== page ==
Moon Transfer Orbit Navigation Using Signals Coming from the Moon

Masaya Murata, Satoshi Kogure

Abstract: The moon transfer orbit (MTO) is a path that a spacecraft going to the moon actually flies and the spacecraft navigation on the MTO is becoming highly important as space agencies are planning moon exploration projects such as the US Artemis. The spacecraft navigation is a real-time spacecraft orbit determination, which is performed onboard the spacecraft, and for the earth orbiting satellites, the navigation signals emitted from the GPS satellites are processed in real-time using a filtering technique such as the extended Kalman filter. In our previous research (Murata et al., 2021), the GPS navigation accuracy on the MTO reached about 200 meters at the moon altitude by using the GPS signals coming from the far side of the earth. Considering that the GPS navigation accuracy on the low earth orbit (LEO) is currently a few meters, a few hundred meter accuracy is not high enough, although the moon is far away from the earth. The accuracy deterioration was primarily due to the poor geometry of the GPS satellites that became visible from the MTO and the challenge of the MTO GPS navigation became clear. Our aim in this paper is achieving the accuracy less than 100 meters by using the other navigation sources: the lunar navigation satellite system (LNSS) to be deployed in the moon orbits (Murata et al., 2022). Following this background, we have been conducting the simulation evaluation for the MTO navigation accuracy using signals coming from the moon as well. We assume that these signals will be emitted from beacons on the moon surface or the LNSS satellites to be orbiting around the moon (Murata et al., 2022). The signals of these LNSS satellites are those coming from the far side of the moon, similar to the signals of GPS satellites coming from the opposite side of the earth, because these LNSS satellites will be pointed towards the moon to provide the PNT service on the moon surface, especially at the lunar South Pole region. Although there are currently no such signals coming from the moon, as the moon exploration projects proceed, these signals will become acquirable onboard the spacecraft flying to the moon in the cis-lunar space and the use of these signals together with the GPS weak signals will contribute to significantly improving the poor-geometry problem of the GPS satellites mentioned above. In this paper, we provide the simulation evaluation results for the MTO GPS+LNSS navigation accuracy and discuss about the possibility of achieving the navigation accuracy less than 100 meters. As for the LNSS satellites, the constellation shown in Murata et al. (2022) was used.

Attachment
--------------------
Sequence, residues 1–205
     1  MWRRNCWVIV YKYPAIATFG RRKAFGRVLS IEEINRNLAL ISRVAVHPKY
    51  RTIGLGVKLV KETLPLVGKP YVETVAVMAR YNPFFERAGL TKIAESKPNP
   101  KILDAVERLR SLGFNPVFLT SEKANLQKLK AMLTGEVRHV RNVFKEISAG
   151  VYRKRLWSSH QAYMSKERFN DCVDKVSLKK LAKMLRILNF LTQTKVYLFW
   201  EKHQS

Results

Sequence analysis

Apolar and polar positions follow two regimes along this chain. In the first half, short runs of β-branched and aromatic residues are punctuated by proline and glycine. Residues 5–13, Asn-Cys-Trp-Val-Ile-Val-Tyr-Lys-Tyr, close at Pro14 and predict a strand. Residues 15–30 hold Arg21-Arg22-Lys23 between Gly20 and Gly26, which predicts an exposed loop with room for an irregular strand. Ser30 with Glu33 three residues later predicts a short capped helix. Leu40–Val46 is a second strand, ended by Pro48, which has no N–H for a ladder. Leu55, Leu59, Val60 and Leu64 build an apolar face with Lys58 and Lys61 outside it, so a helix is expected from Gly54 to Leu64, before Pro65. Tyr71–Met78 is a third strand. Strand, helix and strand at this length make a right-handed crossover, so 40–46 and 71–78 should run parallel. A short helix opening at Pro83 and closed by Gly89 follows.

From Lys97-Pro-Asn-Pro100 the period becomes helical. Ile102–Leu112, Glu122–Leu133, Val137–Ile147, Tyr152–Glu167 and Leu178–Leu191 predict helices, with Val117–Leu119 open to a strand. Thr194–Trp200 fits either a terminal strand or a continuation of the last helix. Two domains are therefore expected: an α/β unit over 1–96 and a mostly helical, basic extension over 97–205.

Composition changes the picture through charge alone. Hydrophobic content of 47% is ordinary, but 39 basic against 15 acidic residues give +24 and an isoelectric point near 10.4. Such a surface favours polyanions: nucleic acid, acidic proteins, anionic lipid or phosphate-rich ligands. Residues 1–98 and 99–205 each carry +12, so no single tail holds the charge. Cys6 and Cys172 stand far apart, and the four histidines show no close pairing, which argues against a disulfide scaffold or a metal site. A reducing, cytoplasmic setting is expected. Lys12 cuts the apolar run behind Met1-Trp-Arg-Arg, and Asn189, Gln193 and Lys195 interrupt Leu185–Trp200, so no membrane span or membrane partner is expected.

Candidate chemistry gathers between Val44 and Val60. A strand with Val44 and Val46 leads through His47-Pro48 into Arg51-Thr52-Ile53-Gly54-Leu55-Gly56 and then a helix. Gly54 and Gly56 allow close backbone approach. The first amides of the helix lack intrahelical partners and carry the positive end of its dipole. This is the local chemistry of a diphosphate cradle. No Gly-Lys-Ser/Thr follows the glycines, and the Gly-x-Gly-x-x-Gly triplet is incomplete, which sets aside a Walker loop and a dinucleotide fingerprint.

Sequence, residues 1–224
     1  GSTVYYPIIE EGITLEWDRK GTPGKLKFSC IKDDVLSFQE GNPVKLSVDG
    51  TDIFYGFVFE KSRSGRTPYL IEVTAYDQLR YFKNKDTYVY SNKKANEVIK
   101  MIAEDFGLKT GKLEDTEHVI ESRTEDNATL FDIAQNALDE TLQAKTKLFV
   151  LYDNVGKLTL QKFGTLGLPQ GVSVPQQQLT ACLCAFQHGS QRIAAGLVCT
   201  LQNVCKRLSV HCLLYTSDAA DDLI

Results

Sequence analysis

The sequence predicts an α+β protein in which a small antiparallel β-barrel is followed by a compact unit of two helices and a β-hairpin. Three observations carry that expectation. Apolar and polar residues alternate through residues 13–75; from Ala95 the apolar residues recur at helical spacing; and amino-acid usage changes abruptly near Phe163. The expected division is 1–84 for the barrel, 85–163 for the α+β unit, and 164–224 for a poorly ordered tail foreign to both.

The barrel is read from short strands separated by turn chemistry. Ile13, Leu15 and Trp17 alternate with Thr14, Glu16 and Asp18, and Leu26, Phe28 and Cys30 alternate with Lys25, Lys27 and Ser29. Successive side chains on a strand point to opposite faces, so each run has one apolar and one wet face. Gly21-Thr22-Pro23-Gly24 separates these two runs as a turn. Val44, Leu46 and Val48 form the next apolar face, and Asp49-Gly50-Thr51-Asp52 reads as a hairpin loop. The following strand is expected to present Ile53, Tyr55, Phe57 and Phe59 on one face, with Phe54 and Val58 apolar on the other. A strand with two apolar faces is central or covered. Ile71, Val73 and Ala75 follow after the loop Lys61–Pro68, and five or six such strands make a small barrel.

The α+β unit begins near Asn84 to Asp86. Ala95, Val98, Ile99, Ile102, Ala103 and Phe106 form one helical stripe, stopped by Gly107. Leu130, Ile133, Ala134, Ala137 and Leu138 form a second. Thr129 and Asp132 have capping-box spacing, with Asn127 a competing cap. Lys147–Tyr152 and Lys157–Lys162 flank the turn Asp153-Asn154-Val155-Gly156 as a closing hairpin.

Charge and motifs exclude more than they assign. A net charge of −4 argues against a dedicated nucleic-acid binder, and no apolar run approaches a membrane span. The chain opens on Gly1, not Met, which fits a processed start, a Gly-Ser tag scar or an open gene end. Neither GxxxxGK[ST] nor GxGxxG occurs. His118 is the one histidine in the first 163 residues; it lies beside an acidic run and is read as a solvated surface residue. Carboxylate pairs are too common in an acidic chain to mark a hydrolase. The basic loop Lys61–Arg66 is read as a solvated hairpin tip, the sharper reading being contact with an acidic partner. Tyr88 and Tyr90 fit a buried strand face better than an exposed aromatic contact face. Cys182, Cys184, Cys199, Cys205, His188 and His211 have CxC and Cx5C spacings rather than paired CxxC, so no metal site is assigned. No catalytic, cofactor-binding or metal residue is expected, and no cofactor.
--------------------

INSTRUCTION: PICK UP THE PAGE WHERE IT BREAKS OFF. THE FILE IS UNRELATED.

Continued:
Published in: Proceedings of the 35th International Technical Meeting of the Satellite Division of The Institute of Navigation (ION GNSS+ 2022)
September 19 - 23, 2022
Hyatt Regency Denver
Denver, Colorado
Pages: 529 - 536
Cite this article: Murata, Masaya, Kogure, Satoshi, "Moon Transfer Orbit Navigation Using Signals Coming from the Moon," Proceedings of the 35th International Technical Meeting of the Satellite Division of The Institute of Navigation (ION GNSS+ 2022), Denver, Colorado, September 2022, pp. 529-536.
https://doi.org/10.33012/2022.18364
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